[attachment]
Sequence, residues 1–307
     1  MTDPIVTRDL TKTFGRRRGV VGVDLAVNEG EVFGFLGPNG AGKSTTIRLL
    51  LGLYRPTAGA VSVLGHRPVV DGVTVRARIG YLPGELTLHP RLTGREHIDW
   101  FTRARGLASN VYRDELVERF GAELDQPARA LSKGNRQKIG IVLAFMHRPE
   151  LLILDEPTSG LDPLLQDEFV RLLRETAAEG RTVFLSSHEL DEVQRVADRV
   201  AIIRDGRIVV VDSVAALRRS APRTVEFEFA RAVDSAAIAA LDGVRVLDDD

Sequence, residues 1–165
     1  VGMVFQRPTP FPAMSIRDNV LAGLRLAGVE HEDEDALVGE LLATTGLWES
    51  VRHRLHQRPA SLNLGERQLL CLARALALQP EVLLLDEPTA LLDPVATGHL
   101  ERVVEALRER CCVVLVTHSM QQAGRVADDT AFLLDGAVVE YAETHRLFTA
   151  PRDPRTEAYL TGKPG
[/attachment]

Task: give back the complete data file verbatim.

Sequence, residues 1–307
     1  MTDPIVTRDL TKTFGRRRGV VGVDLAVNEG EVFGFLGPNG AGKSTTIRLL
    51  LGLYRPTAGA VSVLGHRPVV DGVTVRARIG YLPGELTLHP RLTGREHIDW
   101  FTRARGLASN VYRDELVERF GAELDQPARA LSKGNRQKIG IVLAFMHRPE
   151  LLILDEPTSG LDPLLQDEFV RLLRETAAEG RTVFLSSHEL DEVQRVADRV
   201  AIIRDGRIVV VDSVAALRRS APRTVEFEFA RAVDSAAIAA LDGVRVLDDD

Sequence, residues 1–165
     1  VGMVFQRPTP FPAMSIRDNV LAGLRLAGVE HEDEDALVGE LLATTGLWES
    51  VRHRLHQRPA SLNLGERQLL CLARALALQP EVLLLDEPTA LLDPVATGHL
   101  ERVVEALRER CCVVLVTHSM QQAGRVADDT AFLLDGAVVE YAETHRLFTA
   151  PRDPRTEAYL TGKPG